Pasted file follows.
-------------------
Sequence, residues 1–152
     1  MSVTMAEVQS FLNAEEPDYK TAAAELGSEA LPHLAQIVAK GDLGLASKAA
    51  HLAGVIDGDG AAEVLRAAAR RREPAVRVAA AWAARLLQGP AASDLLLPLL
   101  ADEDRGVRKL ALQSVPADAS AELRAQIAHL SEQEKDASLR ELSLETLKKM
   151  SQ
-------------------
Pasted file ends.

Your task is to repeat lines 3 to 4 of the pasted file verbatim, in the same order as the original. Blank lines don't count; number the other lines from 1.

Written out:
    51  HLAGVIDGDG AAEVLRAAAR RREPAVRVAA AWAARLLQGP AASDLLLPLL
   101  ADEDRGVRKL ALQSVPADAS AELRAQIAHL SEQEKDASLR ELSLETLKKM